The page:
Piano Forum logo

Elström (Read 937 times)

Offline elionaral

  • PS Silver Member
  • Newbie
  • ***
  • Posts: 2
« on: May 03, 2017, 07:02:07 PM »
I bought upright piano called Elström 100 years old. I am a pianist and use it only for practicing being abroad.
I have a problem : last month 3-4 stucked keys
Maybe change the technician? or it will happen all the time
What is the best way to repair it?

Offline indianajo

  • PS Silver Member
  • Sr. Member
  • ***
  • Posts: 1105
Re: Elström
«Reply #1 on: May 04, 2017, 02:38:52 PM »
Your technician should quote his estimate of repairing the problem, if you point it out to him.
Many will not touch this problem.
I you are authorized to work on this piano, you may look at it carefully.  Take the covers off.  Is the sticking happening at the key or at the hammer, or at the whippen?
Sometimes old pianos have had a bit of moisture at some point and something warped.  
Sometimes old pianos have deteriorated felt.  This is more of a problem, as fixing one by replacing felt may not prevent another key from going sticky in a few months or weeks.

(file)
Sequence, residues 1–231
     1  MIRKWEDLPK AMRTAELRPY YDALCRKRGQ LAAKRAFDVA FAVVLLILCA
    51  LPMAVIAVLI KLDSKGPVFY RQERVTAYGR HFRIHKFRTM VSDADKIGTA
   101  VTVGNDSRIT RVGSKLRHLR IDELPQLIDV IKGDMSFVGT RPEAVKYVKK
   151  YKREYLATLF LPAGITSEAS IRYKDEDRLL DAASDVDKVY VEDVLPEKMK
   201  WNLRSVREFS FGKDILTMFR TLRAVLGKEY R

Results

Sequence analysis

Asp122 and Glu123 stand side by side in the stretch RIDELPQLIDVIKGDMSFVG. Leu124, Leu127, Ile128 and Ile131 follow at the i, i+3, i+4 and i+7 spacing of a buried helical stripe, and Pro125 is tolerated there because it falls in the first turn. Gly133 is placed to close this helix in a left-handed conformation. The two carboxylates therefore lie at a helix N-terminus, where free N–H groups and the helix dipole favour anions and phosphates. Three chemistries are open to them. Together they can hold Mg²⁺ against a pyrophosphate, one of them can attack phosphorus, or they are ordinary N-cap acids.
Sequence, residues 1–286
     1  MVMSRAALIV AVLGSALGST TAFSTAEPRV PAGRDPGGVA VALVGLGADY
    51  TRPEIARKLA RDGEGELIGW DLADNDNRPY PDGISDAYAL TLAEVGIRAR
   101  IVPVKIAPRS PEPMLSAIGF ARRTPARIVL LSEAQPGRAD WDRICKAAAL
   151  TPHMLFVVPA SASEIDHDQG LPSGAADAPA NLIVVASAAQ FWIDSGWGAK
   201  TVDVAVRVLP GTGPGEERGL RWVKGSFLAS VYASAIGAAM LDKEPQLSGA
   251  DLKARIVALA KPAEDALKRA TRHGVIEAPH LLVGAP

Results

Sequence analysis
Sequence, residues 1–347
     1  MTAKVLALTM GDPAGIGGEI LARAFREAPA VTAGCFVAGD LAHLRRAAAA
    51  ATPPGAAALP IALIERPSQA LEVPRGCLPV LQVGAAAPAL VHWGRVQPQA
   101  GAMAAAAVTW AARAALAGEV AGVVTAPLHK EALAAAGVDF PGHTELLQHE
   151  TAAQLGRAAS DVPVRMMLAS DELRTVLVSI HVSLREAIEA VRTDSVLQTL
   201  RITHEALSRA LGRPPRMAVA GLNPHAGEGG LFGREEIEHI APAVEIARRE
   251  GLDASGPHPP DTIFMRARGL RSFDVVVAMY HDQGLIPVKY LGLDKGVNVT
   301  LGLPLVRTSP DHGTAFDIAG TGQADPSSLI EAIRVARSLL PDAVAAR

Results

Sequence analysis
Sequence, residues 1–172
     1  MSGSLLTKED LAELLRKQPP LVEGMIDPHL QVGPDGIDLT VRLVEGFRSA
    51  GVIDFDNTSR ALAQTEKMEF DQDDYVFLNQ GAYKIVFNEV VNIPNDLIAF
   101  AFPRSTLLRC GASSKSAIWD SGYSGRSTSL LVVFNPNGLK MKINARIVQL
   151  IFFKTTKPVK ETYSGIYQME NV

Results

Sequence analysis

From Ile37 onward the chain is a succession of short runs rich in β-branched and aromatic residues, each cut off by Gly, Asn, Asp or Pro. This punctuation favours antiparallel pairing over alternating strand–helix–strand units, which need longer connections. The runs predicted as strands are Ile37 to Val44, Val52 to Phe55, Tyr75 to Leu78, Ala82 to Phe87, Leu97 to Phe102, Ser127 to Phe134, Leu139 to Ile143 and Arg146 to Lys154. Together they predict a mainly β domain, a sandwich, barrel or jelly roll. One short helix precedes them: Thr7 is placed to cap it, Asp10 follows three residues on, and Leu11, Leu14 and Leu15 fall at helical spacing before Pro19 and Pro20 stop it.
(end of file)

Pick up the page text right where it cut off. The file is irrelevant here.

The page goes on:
If a key is sticking against the side of another, they are easily removed and the sides sanded down with a machine.  The bar over the keys unscrews after the front is out for tuning.  Keep your screws and parts in a zip lock baggie, you may not find anything similar.  Maybe somebody spilled a drink at one point, only a couple of keys were warped, and the repair could be permanent. 
If a whippen or hammer is sticking, more analysis is required.  I suggest it requires permanent commitment to a piano to unscrew the hammer from the action and go into repairing this.  In my neighborhood, entire new upright actions are available in old pianos at Salvation Army for $40 to $100.  A premium Baldwin Acrosonic spinnet went for $40 two weeks ago. It has a scratch on the case.  A middle market Story & Clark 40" (slightly slow action) with a perfect case & bench is going for $75, unless after two months the price will halve.
The cost of moving the 100 year old upright out and another in would cost more than one of those.  Plus in many locations there is a disposal fee for old uprights.  So looking to see if it is a simple key rub which can be repaired by removing & sanding is certainly worth it.
Best of luck.

Offline hfmadopter

  • PS Silver Member
  • Sr. Member
  • ***
  • Posts: 2272
Re: Elström
«Reply #2 on: May 05, 2017, 09:15:42 AM »
I agree with indianajo in that something could be rubbing. At least check the most common problem first, which would be hammers rubbing together from a warped shanks or a loose screw. Often you can just loosen the knuckle mounting screw and slightly shift the shank over and re-tighten. It's a 0 dollar repair that once upon a time was included in a general tuning.
Depressing the pedal on an out of tune acoustic piano and playing does not result in tonal color control or add interest, it's called obnoxious.